Picture above, MTL Blog.
By Jeremy M. Evans
As the title suggests, it looks to be the case. Today, MLB Commissioner Rob Manfred is meeting with Montreal Mayor Denis Coderre in New York City, the site of MLB's headquarters. "Manfred said recently that the interest shown by Montreal meant the city had successfully passed the first test toward a return of baseball but that it would have to meet several other criteria, including a proper baseball stadium." Montreal is no stranger to professional baseball and might have won the World Series in 1994, but for this.
South of Montreal, however, Tampa Bay is still struggling (for over ten years now) to find a new baseball home. The Tampa Bay Times reported yesterday that "After more than half a year of debate, discord and drift, the City Council will meet again today to discuss the Tampa Bay Rays stadium stalemate." Here are some additional articles about the stadium/ballpark issues in Tampa Bay/St. Petersburg: 1, 2, and 3. (Update on 5.29.2015: Another defeat for Rays at St. Pete City Council.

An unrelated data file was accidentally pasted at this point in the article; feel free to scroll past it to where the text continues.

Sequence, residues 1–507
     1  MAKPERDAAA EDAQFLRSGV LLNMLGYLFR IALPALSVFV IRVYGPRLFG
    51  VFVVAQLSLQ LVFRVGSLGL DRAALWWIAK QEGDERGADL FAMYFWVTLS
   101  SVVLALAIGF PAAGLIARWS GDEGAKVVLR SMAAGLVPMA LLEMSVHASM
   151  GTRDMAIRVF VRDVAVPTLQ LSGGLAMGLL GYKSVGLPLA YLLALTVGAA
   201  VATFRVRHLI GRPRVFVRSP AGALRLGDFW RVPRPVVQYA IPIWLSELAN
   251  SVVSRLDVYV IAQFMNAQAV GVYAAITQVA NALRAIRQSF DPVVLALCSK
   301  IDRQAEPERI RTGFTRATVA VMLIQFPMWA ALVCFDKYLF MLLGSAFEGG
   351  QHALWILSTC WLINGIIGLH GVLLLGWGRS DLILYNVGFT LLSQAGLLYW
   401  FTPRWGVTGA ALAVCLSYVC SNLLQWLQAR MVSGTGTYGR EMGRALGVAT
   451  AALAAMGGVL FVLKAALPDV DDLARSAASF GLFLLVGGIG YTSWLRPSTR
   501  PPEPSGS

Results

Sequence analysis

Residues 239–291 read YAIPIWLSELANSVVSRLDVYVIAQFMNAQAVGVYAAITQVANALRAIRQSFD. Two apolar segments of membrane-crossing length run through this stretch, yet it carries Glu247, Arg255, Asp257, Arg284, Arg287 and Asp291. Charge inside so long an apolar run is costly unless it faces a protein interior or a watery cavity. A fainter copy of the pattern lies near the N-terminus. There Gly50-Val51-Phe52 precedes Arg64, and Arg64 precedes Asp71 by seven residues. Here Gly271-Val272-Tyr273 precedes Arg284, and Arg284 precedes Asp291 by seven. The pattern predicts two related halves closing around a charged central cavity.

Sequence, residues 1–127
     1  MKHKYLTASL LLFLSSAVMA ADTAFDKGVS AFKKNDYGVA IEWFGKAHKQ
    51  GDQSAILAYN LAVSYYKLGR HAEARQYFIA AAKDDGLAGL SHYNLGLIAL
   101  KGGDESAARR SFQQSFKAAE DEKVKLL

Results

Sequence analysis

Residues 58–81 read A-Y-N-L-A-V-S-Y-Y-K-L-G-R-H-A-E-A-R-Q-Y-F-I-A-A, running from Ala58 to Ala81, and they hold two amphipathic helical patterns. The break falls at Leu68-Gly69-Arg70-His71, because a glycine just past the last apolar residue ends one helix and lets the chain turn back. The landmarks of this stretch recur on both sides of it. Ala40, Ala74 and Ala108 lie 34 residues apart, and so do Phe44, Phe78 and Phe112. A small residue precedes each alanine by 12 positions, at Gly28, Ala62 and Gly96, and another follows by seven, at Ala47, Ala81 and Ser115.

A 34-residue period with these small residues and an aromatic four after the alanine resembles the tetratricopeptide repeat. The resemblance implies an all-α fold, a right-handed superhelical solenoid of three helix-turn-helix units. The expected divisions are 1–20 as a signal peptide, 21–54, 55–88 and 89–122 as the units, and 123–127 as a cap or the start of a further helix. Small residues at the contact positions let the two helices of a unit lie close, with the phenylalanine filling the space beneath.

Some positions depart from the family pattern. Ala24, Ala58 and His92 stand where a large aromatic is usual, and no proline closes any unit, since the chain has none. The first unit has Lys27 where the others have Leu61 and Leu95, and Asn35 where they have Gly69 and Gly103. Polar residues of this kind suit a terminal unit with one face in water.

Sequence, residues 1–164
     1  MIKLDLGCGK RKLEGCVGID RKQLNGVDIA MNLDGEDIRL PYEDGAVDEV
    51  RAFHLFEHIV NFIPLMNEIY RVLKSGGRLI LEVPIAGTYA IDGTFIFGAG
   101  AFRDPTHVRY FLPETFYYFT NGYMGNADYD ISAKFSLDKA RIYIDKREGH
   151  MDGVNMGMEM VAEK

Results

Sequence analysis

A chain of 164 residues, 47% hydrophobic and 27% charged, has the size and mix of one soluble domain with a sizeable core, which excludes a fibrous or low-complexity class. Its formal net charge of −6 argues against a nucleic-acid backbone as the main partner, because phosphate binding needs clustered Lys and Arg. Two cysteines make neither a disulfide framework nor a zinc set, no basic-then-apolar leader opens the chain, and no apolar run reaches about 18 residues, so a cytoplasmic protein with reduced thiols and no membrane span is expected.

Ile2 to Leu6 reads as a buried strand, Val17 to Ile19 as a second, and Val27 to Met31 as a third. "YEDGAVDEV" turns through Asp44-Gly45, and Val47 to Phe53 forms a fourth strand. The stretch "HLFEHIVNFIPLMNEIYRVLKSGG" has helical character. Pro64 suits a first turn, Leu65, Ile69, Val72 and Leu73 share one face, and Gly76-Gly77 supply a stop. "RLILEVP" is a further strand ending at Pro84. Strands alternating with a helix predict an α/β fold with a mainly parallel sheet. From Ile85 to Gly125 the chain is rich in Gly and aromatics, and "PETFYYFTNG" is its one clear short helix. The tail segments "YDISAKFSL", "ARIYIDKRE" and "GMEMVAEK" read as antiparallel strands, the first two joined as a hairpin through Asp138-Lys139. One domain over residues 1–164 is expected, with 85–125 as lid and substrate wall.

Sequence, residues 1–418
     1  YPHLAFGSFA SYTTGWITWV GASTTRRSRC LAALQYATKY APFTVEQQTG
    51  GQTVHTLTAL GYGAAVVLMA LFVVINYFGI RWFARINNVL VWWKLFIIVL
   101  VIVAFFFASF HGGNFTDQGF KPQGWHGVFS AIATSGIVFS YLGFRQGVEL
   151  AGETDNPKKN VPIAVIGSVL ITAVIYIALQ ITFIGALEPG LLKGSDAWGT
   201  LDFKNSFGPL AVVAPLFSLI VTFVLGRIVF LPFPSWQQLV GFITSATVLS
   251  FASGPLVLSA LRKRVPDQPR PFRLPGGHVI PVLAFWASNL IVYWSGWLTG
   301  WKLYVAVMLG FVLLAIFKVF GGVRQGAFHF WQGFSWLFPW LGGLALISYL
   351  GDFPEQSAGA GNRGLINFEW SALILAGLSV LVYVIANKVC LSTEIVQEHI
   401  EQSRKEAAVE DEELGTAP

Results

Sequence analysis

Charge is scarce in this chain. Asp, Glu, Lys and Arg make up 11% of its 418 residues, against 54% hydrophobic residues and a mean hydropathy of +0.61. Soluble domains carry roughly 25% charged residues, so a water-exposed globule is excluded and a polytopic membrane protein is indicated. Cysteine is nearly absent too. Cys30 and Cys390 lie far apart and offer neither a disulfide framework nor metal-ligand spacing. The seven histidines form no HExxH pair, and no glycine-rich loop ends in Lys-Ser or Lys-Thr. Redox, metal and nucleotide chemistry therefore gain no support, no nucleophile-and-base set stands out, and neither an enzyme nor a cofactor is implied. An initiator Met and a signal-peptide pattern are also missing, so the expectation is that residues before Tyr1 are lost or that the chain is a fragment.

Teams moving to new cities is nothing new in professional sports. The Milwaukee Brewers were once the Seattle Pilots and in the American League West Division. The Brewers are now in the National League Central Division. The Houston (Colt .45s) Astros were once in the National League Central Division, now they are in the American League West Division. The MLB expansion and transfer story is long and interesting as provided in these articles, Part I and Part II.
So how do the Montreal Mayor/MLB Commissioner and Tampa Bay situations work together?
First, Montreal needs an MLB franchise as adding an expansion team not already in existence would upset the balance of fifteen teams in each league, five teams in each division, American and National, West, Central, and East, respectively.
Second, Montreal lies geographically on the East Coast as does Tampa Bay. Montreal could become the fifth team of the American League East Division replacing Tampa Bay, while joining the New York Yankees, Boston Red Sox, Toronto Blue Jays, and the Baltimore Orioles.
Third, as sad as it would be to see Tampa Bay and their great player development system leave, having two Canadian teams battling each other would be great to watch. Montreal once had a great team, they could do it again.
In the end, as Commissioner Manfred has stated, this comes down to a stadium being built for baseball. Whether that occurs in Montreal or Tampa is yet to be seen.
About the author: Jeremy Evans is the Managing Attorney at California Sports Lawyer. He can be reached at Jeremy@CSLlegal.com.
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